"Whooping cranes?" I asked one of the rangers.

"Nope, those are sandhills," he answered. "We’ve got thousands. We’ve got some whooping cranes, too. If you look in the back field, the whooping cranes are the white ones."

Indeed, the back field was filled with cranes, mostly the red-capped sandhill variety. The white whooping cranes, an endangered species, were easy to spot.

The crane population is only one aspect of the mission for Wheeler National Wildlife Refuge providing food and rest for a vast variety of bird and waterfowl species using the Tennessee River Valley as wintering habitat.

"We average at peak in the winter between 60,000 and 75,000 ducks on the refuge," said Wheeler NWR Manager Dwight Cooley. "Almost without exception, mallards are the No. 1 waterfowl species we winter here. There has been a bit of change over the last 20 years. Gadwalls are our second highest number of birds that winter here. At one time, the American wigeon was second.

When 9-year-old Brooklynn Howard volunteered to help Larry Battson in the exotic animals presentation, she didn’t know she’d end up holding a python on her neck. Brooklynn is the daughter of Adam and Linda Howard. Linda is a software developer at Alabama Farmers Cooperative. (Credit: Decatur Daily)

"At one time, we had 50,000 Canada geese wintering here. Now we’re lucky to get between 500 and 1,000 of the migrant Canada geese. Our geese come from Southern James Bay. There was a study done by the U.S. Fish and Wildlife Service and Ducks Unlimited that looked at this. What the study found was the geese were wintering north of us for a variety of reasons, one of which was changing agricultural practices to minimum tillage and no-tillage areas. The birds are just not getting this far south any more."

While no waterfowl hunting is allowed on the 35,000-acre Wheeler NWR, Cooley said the refuge’s wintering habitat makes the hunting better throughout the state.

"The fact that the refuge attracts the largest number of ducks in the state, even though we don’t hunt the refuge, I think the surrounding areas see a lot of benefits in the waterfowl hunting throughout the Tennessee Valley," he said.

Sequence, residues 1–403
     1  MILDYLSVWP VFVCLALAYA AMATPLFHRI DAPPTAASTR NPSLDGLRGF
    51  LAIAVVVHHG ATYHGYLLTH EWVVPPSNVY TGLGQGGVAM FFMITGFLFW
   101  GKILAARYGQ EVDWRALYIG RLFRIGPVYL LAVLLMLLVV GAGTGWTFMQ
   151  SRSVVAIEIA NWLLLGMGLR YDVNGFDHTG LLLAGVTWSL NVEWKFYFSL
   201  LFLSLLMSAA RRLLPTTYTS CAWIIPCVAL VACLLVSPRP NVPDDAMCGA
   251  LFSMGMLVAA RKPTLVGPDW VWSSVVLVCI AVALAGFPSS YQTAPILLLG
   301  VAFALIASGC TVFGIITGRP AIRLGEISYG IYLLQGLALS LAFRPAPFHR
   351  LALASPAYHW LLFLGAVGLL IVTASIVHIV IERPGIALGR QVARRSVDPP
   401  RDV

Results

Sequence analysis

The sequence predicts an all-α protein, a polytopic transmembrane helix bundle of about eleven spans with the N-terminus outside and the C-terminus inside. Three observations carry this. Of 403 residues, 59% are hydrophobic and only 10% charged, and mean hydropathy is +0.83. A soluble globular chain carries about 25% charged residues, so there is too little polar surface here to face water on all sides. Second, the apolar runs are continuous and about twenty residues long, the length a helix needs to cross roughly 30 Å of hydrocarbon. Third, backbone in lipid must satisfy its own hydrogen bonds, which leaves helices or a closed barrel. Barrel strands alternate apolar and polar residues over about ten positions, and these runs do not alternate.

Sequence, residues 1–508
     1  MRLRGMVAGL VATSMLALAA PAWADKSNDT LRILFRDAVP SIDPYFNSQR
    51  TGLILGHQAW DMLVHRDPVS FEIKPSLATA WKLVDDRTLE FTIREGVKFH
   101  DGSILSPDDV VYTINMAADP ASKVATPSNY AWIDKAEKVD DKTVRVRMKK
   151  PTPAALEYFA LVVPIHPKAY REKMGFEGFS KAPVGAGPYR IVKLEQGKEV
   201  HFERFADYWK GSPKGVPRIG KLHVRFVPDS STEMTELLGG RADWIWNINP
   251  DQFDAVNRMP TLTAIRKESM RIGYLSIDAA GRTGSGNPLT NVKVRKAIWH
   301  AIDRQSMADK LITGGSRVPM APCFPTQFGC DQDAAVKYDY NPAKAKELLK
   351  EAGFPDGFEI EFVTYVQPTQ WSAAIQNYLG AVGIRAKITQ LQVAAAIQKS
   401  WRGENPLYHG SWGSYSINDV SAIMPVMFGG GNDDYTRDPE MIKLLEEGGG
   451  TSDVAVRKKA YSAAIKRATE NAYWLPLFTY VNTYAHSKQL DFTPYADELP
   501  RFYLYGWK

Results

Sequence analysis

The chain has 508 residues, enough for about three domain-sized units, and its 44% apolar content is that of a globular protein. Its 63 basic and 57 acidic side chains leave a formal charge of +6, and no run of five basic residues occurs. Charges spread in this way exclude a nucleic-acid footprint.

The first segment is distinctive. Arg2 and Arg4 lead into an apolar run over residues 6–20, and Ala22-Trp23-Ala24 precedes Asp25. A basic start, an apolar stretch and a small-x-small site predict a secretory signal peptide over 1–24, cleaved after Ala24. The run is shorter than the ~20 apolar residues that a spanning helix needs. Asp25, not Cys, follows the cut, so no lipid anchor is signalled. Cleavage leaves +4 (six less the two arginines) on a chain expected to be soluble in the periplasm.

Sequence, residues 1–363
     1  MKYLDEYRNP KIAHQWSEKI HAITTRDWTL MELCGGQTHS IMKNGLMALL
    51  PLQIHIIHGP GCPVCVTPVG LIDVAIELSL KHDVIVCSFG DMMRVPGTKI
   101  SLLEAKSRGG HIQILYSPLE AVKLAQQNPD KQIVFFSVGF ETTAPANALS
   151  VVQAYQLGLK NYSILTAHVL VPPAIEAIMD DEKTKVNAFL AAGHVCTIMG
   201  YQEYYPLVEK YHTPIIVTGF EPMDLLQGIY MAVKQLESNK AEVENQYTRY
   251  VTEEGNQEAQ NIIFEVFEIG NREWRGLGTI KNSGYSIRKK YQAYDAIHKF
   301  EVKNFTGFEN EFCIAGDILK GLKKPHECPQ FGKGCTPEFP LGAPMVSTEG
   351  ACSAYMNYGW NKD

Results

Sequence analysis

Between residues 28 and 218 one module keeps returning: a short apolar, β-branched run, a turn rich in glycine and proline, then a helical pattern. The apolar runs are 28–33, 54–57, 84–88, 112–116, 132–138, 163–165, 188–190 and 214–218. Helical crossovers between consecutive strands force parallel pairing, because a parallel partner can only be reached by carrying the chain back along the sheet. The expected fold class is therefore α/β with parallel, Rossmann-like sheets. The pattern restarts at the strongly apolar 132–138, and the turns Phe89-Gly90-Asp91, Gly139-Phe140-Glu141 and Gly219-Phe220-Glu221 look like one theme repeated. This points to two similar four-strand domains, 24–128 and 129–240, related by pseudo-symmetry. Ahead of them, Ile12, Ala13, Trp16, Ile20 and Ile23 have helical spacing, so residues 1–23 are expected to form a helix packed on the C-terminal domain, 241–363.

When President Franklin Delano Roosevelt signed the executive order to establish the refuge in 1938, Cooley said it was a time when the United States was trying to "tame" the Tennessee River.

"It was also a time of concern about waterfowl populations and breeding habitat in particular," said Cooley, who has been the manager at Wheeler for 16 years. "It was really viewed as an experiment to see if wildlife could be managed in these newly developed deep-water reservoirs in north Alabama. This is a long, almost riparian type of refuge. It’s 20 miles long. It was part of the land acquired by the Tennessee Valley Authority for buffers and flowage easements when Wheeler Dam was constructed in 1936.

"As a matter of fact, in the executive order signed by President Franklin Roosevelt it was stated that waterfowl was the prime reason the refuge was established."

Cooley said, although the NWR system is in a period of tight budgets, the primary missions will be continued.

"For here, our priorities are waterfowl and endangered species," he said. "We will provide recreational opportunities for residents. And we’ll provide conservation and environmental education for the public. The City of Huntsville brings every student in the fifth grade over here every year, and uses the visitor center and observation area for their conservation and education classes.

"There are plenty of fishing opportunities. And we allow hunting for deer, feral hogs and small game. The deer and hog hunting are bow-only except for a two-week to 20-day season for flintlocks or primitive muzzleloaders. We follow state regulations on small game. We allow shotguns with non-toxic shot and rimfire rifles. We get quite a lot of use during the hunting seasons. And we have more and more people who are interested in wildlife photography."

As part of the festivities, the Teddy Roosevelt Show, featuring Joe Weigand, made its way through the crowd during the celebration.

Like most everything, Cooley said the effort to enhance the waterfowl habitat at the refuge has been trial and error, and has significantly evolved over the years.

"When it started, the work was primarily in the deep-water habitats in the reservoir itself with suitable plant species," he said. "It didn’t work very well because of the depth of the water and raising and lowering of the water levels from summer to winter pools. That also involved electricity production, flood control and, early on, mosquito control.

"The managers at the time said there was one thing they could do, which was farm the areas that had been in crops when the TVA acquired it. That was aimed primarily at geese, which they knew would use those upland areas. So the farming program in the National Wildlife Refuge System really started right here at Wheeler. In fact, one of the former refuge managers Tom Atkeson wrote a book called ‘Farming for Wildlife,’ which was based on some of the early work done here at Wheeler."

The habitat improvement eventually included water-control structures in the lowland areas to control the water levels to help in the planting of native vegetation with good seed production as well as row crops around the edges of the areas.

"As we flood them in the winter time, those areas are flooded to provide food for the waterfowl," Cooley said. "In the upland areas, we farm between 3,000 and 5,000 acres on a share agreement with eight farmers in the area. We rotate between corn and soybeans, mostly. Sometimes we will plant milo and millet."